In 1927 The American Catalin Corporation took over patents for the Bakelite resin casting process, then in 1928 secured importing rights to a German resin dye formula. Catalin then began to manufacture its plastics in a process that differed from the original Bakelite plastics processing method, which used additives and fillers creating an inferior and weaker plastic. Catalin instead poured the resin into molds in its initial liquid state, eliminating the fillers and additives, and cured the molds in ovens at varying temperatures over a period of days. The results are noticeable in the thicker plastics, brighter colors, and a smooth polished surface that may seem oily to the touch.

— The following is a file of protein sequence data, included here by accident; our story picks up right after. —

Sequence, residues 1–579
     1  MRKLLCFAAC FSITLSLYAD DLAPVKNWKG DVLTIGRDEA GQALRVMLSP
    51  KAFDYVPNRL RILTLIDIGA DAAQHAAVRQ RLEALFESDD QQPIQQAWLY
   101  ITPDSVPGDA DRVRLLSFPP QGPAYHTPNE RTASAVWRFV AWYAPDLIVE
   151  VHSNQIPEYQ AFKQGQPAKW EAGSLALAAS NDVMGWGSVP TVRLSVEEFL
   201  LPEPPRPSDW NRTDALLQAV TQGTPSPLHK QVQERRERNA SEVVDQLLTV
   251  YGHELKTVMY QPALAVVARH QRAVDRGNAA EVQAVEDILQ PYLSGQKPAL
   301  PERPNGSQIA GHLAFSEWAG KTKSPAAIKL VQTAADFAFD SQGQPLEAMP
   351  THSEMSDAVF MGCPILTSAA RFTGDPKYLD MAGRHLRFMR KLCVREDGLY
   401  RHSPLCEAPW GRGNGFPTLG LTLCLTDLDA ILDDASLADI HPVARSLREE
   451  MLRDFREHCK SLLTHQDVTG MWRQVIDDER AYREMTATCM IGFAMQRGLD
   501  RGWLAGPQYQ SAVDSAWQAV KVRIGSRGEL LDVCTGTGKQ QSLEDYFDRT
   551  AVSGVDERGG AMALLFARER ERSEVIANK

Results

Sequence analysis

The period in which Catalin plastics development occurred was a bright and positive era that saw technological marvels such as the automobile and airplane. Much of the design of this period was under the influence of the Art Deco movement, an artistic style of confident sweeping lines and thrusting angles. As the radio became a popular household item during this era, manufacturers such as Catalin recognized that style dictated purchase. Catalin’s production saw a peak in the decades before World War II with production slowing greatly during the war effort; after the war they resumed with a more limited production. During their peak the Catalin Radio came in all sizes, shapes, styles, and colors making them an interesting and fun item to find and collect.